What do atheists have to offer in place of God to give meaning to life – democracy, human rights, reason, la dolce vita?

The dignity of the individual was first proclaimed at Sinai. The Torah sets forth individual rights and responsibilities. Democracy got a huge impetus from the Protestant Reformation.

From the French Revolution to the blood-drenched isms of the 20th century, more people were killed in the name of reason – liberty, equality and fraternity, or “scientific” socialism, or “scientific” theories of race – than in all of the religious wars spanning the course of history combined.

The idea that atheists can stop the Islamic advance could only make sense to a modern European.

You can’t beat something with nothing. Atheism isn’t a values system, but the negation of a values system.

Whatever you think of it, Islam is a fighting creed. (Though some would say it more resembles an ideology than a religion.) Adherents are oriented in the universe. They’re given a mission (purpose) in life, and a vision of reward and punishment in the afterlife.

It’s not immigration alone that’s driving the Islamacization of Europe. Europeans also are converting to Islam. Strangely, they seem not to find fulfillment in 4-day work weeks, soccer-mania, hedonist philosophies or the anemic version of Christianity prevalent in many parts of the continent.

Even some devout unbelievers are driven by self-interest to take religion seriously.

In October, 2005, Cardinal Tarcisio Bertone, archbishop of Genoa, returned from a trip to Cuba with startling news – “Fidel Castro is asking us (the Catholic Church) for help to combat the plague of abortion in Cuba,” Bertone disclosed.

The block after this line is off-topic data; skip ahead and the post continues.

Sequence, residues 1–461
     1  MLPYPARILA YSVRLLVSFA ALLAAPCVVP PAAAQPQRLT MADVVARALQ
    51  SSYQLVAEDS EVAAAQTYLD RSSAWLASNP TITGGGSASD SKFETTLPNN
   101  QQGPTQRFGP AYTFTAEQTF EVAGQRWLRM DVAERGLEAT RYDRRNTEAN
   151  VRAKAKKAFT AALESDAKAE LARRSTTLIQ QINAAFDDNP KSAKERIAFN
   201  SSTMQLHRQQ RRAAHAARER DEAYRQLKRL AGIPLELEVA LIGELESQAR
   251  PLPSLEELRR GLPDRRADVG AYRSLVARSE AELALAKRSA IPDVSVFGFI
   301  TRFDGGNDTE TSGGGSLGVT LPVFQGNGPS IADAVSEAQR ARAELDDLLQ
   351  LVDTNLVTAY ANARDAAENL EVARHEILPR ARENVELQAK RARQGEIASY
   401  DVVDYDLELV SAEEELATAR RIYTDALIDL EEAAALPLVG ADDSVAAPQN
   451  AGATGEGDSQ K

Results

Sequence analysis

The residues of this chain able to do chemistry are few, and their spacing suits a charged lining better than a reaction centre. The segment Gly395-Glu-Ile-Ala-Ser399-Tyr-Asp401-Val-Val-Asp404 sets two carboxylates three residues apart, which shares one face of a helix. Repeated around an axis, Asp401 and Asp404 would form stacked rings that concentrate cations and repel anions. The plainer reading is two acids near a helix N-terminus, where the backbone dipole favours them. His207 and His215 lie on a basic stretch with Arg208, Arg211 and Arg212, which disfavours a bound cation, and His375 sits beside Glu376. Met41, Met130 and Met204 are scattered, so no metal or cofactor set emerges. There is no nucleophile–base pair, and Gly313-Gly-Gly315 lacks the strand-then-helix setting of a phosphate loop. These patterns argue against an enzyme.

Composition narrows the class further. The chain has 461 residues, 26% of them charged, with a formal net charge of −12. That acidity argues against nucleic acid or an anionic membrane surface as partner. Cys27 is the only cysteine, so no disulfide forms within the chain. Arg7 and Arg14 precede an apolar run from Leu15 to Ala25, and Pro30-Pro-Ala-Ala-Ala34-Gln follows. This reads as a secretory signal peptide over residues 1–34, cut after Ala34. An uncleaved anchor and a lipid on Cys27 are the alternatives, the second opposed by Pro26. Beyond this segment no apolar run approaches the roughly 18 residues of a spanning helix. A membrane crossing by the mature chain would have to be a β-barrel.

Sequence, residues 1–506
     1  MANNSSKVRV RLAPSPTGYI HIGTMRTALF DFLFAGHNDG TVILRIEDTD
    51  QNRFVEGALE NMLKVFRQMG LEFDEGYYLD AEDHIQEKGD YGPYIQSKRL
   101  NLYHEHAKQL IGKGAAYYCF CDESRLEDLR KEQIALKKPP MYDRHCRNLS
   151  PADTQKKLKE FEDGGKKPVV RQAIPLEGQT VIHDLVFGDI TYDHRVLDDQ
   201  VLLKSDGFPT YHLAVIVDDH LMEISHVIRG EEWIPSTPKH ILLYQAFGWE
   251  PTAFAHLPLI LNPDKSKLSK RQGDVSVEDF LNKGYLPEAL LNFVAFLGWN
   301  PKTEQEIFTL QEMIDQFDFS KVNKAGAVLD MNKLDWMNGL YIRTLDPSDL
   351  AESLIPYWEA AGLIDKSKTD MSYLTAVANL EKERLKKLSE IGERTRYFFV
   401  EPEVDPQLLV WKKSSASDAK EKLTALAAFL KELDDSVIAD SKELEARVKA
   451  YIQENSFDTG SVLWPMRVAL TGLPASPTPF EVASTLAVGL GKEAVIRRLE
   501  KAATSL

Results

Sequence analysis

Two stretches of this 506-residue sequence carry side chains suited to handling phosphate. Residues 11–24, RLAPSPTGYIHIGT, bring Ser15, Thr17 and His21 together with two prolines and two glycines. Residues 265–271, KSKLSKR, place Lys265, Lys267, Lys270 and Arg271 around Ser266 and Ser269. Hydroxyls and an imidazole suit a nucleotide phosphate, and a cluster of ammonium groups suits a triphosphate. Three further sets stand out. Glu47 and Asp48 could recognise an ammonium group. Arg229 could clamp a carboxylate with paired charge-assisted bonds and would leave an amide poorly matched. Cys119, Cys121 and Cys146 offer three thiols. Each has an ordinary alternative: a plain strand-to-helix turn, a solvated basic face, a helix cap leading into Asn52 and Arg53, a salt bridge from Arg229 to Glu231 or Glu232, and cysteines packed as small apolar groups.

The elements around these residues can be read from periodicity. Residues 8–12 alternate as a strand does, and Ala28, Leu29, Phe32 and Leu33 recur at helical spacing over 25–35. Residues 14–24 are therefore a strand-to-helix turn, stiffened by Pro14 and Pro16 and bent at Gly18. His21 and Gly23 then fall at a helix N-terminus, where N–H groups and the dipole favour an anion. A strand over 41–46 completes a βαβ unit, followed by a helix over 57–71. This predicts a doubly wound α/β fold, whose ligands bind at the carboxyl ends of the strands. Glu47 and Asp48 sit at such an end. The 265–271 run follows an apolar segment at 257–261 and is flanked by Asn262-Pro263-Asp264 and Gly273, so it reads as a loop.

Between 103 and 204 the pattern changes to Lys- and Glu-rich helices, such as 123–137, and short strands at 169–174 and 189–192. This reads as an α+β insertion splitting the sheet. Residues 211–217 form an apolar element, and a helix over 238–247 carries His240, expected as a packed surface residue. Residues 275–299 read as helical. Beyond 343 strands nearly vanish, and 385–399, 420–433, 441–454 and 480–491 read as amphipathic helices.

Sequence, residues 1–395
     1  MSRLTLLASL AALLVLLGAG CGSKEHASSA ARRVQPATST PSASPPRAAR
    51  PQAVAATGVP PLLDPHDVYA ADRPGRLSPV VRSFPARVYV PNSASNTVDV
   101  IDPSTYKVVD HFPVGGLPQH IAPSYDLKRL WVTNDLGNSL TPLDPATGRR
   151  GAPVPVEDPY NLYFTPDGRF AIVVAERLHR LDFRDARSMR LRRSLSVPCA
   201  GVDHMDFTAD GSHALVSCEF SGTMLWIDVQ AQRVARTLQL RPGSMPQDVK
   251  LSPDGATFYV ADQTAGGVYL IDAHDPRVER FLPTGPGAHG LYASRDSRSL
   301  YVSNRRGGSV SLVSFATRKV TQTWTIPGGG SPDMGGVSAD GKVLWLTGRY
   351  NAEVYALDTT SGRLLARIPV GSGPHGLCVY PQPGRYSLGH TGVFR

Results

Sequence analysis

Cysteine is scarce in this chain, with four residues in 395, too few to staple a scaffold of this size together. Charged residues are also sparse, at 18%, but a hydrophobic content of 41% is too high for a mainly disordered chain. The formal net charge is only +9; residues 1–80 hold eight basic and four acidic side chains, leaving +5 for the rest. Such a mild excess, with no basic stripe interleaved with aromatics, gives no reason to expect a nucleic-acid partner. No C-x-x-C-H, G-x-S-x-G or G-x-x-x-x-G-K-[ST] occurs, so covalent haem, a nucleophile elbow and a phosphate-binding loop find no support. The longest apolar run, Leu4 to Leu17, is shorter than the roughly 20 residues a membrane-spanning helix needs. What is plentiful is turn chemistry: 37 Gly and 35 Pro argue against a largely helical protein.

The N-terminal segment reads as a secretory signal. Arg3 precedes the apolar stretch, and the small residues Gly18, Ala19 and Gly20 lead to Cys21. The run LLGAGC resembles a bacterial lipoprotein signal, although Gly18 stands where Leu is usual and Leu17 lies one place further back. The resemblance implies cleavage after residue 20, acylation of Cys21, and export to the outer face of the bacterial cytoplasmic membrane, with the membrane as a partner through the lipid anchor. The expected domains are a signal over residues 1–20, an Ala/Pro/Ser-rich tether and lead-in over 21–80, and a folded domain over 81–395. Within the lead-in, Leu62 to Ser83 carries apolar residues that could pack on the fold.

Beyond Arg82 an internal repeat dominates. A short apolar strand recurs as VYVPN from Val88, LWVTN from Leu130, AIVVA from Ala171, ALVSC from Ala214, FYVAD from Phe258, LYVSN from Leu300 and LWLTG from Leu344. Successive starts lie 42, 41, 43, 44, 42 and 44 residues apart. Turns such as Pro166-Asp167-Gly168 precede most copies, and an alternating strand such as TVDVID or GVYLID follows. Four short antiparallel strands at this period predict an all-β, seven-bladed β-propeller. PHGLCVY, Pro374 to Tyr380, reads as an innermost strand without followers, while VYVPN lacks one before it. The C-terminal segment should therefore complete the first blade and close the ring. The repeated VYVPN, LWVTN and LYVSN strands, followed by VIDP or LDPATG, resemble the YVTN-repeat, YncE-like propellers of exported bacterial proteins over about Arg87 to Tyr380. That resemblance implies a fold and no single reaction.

"The spread of abortion, as Fidel Castro emphasized, is among the causes of the country’s demographic crisis,” the archbishop added. Cuba has the lowest birthrate in Latin America and the Caribbean, well below replacement level. And, no one is immigrating to the workers’ tropical paradise.

So, where does Fidel turn to combat abortion and stop Cuba’s demographic suicide? To an institution he proclaimed his mortal enemy after the 1959 revolution.

Here’s another irony: As noted above, Michel Onfray, the archbishop of atheism, spoke at the 500-seat Alexis de Tocqueville auditorium.

De Tocqueville was a French aristocrat whose family was guillotined during the Reign of Terror. The non-hedonistic philosopher is best known for his seminal work “Democracy In America,” based on his travels here in the early 19th century.

Though an agnostic, de Tocqueville was discerning. In describing America’s uniqueness (which even then had set it on a course that would make the 20th century the American century) de Tocqueville wrote:

“I sought for the key to the greatness and genius of America in harbors…; in her fertile fields and boundless forests; in her rich mines and vast world commerce, in her public school system and institutions of learning. I sought for it in her democratic Congress and matchless Constitution.